“One of the greatest things people can do to heal from something is to be real,” she said, adding that family members often need a family tragedy to get together and reconcile. Upon agreement a specialist should be in the mix and assist if necessary. “Because in our community we don’t do that [always] see professionals. The professional is qualified and equipped for navigation. ”

Others agree.

In the journal Black Studies, «A Qualitative Study of the Black Mother-Daughter Relationship: Lessons on Self-Esteem, Overcoming, and Sustainability, the researchers found that black women “receive less emotional support from relatives or friends,” suggesting that countless black women may feel uncomfortable sharing their emotional problems or weaknesses ”due to taking on this strong black trail.

“Moreover, they found that African-American mothers can interact differently with their daughters than with their sons. Mothers exercised more control over the behavior of their daughters and more confirmed and supported their sons, ”the magazine said.

Other groups are defending the Black Mothers. In one article, “Wonderful or Funny: The Burden of Black Women Scientists and Dialogue in Solidarity,” author Darius D’Wain Hills noted that Mom Pope (Olivia Pope’s mother) from the ABC Scandal show said it best: ” I tell you, black woman, be strong, they say. Support your man. Educate a person. Think like a man. Well … I have to do all this – who works for me here? Carry my burden – builds me when I go down? Nobody … we try to help everyone, even if we don’t get anything. Is it great or funny? ”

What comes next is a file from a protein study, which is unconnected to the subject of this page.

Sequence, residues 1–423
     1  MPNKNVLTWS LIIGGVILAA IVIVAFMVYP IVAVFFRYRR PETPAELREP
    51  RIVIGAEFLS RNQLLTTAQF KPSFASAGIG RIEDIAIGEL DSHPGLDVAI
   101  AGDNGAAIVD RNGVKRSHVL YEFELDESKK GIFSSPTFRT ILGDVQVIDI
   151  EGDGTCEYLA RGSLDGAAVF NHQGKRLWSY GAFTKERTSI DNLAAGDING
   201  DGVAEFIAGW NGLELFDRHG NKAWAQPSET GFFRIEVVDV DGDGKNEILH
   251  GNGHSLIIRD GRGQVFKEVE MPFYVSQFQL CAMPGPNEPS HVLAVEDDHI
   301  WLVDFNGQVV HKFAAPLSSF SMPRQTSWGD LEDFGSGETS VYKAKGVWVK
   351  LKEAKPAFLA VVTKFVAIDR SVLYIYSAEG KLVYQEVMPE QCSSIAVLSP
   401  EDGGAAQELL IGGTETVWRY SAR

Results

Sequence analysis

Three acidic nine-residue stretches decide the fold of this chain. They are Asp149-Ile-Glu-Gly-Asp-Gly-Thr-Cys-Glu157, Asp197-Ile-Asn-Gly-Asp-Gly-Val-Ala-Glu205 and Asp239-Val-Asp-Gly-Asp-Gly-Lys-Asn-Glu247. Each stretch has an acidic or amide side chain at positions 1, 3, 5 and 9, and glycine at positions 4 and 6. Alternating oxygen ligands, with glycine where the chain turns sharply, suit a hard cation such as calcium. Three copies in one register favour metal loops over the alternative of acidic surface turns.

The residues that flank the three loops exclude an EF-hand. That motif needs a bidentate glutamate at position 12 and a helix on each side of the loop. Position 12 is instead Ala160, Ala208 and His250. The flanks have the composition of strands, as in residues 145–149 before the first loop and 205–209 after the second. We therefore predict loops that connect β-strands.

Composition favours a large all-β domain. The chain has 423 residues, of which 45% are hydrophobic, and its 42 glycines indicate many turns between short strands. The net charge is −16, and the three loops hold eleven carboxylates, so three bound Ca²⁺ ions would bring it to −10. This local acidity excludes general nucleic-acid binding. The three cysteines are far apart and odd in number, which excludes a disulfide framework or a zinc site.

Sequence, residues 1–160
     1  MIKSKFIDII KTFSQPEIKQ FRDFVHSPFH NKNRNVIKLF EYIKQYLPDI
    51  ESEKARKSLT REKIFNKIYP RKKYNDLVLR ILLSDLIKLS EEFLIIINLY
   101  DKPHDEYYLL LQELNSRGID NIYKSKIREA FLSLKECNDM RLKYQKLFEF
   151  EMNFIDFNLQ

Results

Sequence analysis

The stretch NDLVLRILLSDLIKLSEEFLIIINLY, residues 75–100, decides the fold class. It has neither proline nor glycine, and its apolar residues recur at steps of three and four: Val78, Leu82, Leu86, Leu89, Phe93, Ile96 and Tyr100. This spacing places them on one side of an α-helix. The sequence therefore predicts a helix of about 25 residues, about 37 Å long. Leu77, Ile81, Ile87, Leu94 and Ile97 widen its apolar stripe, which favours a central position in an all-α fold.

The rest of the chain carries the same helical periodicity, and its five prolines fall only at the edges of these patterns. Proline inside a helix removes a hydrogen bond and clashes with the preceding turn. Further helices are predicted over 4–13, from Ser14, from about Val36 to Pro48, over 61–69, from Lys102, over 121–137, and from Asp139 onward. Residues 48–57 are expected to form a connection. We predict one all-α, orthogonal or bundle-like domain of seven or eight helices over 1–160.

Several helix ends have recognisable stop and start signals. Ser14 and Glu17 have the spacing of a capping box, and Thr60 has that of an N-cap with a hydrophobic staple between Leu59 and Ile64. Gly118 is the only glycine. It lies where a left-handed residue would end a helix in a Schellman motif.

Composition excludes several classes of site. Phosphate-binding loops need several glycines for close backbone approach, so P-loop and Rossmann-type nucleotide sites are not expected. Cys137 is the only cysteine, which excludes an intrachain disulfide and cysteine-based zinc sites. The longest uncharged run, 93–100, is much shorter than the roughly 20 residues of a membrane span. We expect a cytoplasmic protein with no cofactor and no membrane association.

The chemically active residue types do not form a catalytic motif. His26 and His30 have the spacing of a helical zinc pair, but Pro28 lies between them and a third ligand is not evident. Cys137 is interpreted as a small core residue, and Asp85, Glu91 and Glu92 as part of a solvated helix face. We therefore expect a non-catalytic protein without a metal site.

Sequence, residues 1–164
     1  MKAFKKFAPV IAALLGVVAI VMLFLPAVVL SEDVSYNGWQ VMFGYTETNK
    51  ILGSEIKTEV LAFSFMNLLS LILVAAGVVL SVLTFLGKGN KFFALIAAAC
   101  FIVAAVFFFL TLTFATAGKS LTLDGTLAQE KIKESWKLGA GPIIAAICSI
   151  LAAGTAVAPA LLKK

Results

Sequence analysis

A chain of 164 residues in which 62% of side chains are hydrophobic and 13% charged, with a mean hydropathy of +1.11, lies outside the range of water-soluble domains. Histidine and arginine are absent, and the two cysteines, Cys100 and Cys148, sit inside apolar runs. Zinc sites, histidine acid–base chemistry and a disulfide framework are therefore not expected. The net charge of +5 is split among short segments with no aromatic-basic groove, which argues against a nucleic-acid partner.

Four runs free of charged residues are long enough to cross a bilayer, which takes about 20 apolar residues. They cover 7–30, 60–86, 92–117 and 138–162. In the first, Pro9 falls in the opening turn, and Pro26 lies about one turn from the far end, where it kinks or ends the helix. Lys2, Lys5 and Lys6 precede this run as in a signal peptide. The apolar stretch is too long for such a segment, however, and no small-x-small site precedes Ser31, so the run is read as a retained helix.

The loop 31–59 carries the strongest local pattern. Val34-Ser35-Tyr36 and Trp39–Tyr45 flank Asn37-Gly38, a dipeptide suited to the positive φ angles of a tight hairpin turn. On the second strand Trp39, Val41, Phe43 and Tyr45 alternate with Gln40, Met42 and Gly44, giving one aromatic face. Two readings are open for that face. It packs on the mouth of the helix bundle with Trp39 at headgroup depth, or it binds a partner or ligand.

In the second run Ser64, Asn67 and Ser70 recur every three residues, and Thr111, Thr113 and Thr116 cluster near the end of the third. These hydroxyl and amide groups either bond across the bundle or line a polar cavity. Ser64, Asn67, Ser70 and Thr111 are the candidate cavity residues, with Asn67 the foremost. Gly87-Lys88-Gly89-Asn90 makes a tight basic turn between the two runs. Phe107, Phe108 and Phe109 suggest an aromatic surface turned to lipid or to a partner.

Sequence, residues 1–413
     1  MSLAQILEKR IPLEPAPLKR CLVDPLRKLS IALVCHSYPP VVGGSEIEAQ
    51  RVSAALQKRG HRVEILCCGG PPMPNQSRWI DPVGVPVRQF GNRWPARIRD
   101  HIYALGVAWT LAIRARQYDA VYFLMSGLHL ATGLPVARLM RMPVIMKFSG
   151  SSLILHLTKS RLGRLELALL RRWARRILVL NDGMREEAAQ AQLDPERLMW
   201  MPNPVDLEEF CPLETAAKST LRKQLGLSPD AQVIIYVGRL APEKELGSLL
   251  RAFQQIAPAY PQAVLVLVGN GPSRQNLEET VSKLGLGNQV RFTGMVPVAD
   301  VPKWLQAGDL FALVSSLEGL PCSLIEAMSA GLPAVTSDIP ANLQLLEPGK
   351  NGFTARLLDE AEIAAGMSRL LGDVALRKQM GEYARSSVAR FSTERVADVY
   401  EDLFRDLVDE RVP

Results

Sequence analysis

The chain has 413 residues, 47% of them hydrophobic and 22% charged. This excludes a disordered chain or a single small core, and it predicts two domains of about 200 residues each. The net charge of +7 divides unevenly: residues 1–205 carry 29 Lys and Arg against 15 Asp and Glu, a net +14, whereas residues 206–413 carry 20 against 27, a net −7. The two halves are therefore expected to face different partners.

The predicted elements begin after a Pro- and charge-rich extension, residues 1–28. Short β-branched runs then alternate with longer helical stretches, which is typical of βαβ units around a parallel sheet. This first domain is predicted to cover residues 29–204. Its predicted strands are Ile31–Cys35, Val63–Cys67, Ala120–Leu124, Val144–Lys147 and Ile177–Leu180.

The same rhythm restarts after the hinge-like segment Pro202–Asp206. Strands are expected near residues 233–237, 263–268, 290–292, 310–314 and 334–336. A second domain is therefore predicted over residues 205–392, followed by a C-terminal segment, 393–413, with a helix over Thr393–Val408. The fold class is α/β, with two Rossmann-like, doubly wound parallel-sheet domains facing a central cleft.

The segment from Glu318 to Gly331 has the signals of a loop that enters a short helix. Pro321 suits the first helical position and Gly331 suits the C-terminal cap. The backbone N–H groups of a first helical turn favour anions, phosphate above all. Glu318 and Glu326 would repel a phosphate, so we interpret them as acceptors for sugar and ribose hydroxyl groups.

Fence repair

Cameo King, an advocate for women and girls and founder of the nonprofit Grit, Glam and Guts, which deals with 12-17-year-old girls in Lansing, told the Michigan Chronicle that it helps women, including daughters and mothers. , heal yourself in your relationship.

“I consider myself a supporter of women and girls and focus on the experience for black women and girls,” King said, adding that her organization focuses on self-identity, self-awareness and recognizing the “strength of your voice.”

King said that real young girls and teenagers lead to real women who express themselves as the best version of themselves.

She is also the owner of The Good Girl podcast, which tells women about their flaws, faith, femininity and culture. King added that when working with women, she sometimes sees how they have grown, not allowed to be themselves to the fullest, which can affect their relationship, especially with their mother.

“If you’re not who you are, who you’re called to be … you live in a state of denial, and it affects relationships, the way you are at work, and it erodes who you are.” , – said King, adding that this is especially true for black women, who are often rewarded for being in the box. “It fills your pocket, but not your soul.”

King said that although she and her mother have a wonderful relationship, she empathizes with others who cannot say the same. She echoes Jackson’s thoughts and said therapy could help solve these problems, especially as a result of harmful behavior in the Black family.

«[Therapy is the ability] be honest with yourself and take responsibility for your actions, ”King said, adding that some serious truths include a mother’s responsibility for any role they’ve played and see themselves as“ villains ”in their own history.

“I think it’s the root,” King said. “Responsibility and responsibility and telling the whole truth.”